Rare Earths: A family of elements with an atomic number from 57 to 71 plus 21 and 39. They are lanthanum, cerium, praseodymium, neodymium, samarium, europium, gadolinium, terbium, dysprosium, holmium, erbium, thulium, ytterbium, lutetium, scandium, and yttrium.

Remenance, Bd: The magnetic induction which remains in a magnetic circuit after the removal of an applied magnetizing force. If there is an air gap in the circuit, the remenance will be less than the residual induction, Br.

Reversible Temperature Coefficient: A measure of the reversible changes in flux caused by temperature variations.

Residual Induction, Br: A value of induction at the point at Hysteresis Loop, at which Hysteresis loop crosses the B axis at zero magnetizing force. The Br represents the maximum magnetic flux density output of this material without an external magnetic field.

Saturation: A condition under which induction of a ferromagnetic material has reach its maximum value with the increase of applied magnetizing force. All elementary magnetic moments have become oriented in one direction at the saturation status.

Sintering: The bonding of powder compacts by the application of heat to enable one or more of several mechanisms of atom movement into the particle contact interfaces to occur; the mechanisms are: viscous flow, liquid phase solution-precipitation, surface diffusion, bulk diffusion, and evaporation-condensation. Densification is a usual result of sintering.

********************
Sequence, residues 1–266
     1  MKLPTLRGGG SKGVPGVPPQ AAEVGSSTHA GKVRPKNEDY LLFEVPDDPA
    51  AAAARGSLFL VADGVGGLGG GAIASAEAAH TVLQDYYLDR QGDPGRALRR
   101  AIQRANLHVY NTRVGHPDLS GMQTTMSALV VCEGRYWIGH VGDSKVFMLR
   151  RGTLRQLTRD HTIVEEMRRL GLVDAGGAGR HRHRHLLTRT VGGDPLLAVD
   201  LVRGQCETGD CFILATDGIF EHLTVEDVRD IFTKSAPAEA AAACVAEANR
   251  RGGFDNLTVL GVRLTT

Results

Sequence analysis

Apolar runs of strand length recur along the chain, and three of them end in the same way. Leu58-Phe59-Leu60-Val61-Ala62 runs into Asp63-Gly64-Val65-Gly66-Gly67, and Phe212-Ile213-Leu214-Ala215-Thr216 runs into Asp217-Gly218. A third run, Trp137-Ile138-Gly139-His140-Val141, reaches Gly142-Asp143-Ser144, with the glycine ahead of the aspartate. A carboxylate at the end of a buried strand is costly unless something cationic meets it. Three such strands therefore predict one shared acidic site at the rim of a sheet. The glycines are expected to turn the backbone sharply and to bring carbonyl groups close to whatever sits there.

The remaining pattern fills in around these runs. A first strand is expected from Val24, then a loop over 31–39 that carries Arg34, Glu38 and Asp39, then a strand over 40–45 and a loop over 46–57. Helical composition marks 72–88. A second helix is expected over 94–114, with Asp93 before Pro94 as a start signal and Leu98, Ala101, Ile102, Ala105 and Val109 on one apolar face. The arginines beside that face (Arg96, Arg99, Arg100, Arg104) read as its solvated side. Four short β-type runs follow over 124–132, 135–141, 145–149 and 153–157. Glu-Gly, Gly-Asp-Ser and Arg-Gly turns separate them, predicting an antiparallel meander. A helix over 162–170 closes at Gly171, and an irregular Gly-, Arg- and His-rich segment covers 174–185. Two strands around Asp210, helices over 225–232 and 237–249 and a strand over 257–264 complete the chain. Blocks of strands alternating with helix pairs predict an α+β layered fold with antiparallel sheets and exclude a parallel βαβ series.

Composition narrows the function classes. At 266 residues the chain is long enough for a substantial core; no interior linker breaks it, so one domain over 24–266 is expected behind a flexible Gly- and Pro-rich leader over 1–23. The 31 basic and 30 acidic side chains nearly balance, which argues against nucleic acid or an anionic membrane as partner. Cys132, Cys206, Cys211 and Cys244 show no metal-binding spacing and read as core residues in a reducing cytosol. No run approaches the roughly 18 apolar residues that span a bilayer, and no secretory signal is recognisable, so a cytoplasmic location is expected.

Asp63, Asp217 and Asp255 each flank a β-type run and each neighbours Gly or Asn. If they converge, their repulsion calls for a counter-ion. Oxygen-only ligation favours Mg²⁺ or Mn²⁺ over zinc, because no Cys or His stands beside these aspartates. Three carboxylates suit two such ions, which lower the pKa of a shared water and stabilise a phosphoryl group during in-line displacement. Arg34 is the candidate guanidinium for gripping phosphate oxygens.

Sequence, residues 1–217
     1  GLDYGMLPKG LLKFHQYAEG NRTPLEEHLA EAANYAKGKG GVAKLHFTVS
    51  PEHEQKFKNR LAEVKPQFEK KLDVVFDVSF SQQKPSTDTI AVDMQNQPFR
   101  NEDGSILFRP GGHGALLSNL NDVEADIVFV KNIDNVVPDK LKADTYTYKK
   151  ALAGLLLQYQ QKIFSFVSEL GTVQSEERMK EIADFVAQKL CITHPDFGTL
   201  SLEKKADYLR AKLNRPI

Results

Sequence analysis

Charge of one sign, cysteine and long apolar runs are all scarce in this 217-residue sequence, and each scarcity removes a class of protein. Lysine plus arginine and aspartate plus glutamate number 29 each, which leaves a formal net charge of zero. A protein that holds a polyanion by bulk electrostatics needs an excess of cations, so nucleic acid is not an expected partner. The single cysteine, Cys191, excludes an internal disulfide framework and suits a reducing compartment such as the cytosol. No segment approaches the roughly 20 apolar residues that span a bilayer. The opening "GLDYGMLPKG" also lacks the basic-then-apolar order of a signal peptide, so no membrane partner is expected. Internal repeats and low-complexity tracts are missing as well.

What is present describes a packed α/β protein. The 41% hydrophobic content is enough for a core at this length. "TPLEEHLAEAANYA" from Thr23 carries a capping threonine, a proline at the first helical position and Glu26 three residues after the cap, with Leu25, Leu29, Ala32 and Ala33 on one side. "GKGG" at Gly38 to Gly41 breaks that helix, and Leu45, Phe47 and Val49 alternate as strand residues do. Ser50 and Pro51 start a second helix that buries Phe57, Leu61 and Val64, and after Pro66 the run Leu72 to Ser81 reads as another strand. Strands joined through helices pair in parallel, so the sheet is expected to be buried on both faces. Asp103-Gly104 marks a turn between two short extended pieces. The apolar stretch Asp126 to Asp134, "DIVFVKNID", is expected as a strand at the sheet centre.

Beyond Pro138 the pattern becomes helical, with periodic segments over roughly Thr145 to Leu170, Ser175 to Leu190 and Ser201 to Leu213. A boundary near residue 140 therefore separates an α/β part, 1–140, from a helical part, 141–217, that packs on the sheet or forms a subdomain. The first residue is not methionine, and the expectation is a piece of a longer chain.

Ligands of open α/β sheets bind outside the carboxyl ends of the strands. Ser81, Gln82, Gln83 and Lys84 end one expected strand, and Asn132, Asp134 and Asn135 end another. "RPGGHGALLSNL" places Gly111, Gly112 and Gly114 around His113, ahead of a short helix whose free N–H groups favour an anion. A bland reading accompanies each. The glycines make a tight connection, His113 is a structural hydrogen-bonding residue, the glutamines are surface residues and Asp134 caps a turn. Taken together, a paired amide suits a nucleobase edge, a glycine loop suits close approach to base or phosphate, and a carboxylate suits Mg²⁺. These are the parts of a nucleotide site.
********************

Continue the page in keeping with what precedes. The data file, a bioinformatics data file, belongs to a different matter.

Surface Coatings: Unlike Samarium Cobalt, Alnico and ceramic materials, which are corrosion resistant, Neodymium Iron Boron magnets are susceptible to corrosion. Base upon of magnets’ applications, following coatings can be chosen to apply on surfaces of Neodymium Iron Boron magnets.

Surface Coatings

  Coating Performance     Coating Thickness    Corrosion-Resistant
in Salt Fog (Hr)  
  Color     PCT (Hr)
at 120 °C, 2 atm, 100% RH  
Zn > 8 µm > 24 Silver
Color Zn > 10 µm > 72 multicolor 12
Ni-Cu-Ni > 12 µm > 72 Silver, Lustrous 24
Epoxy 15 – 30 µm > 72 Black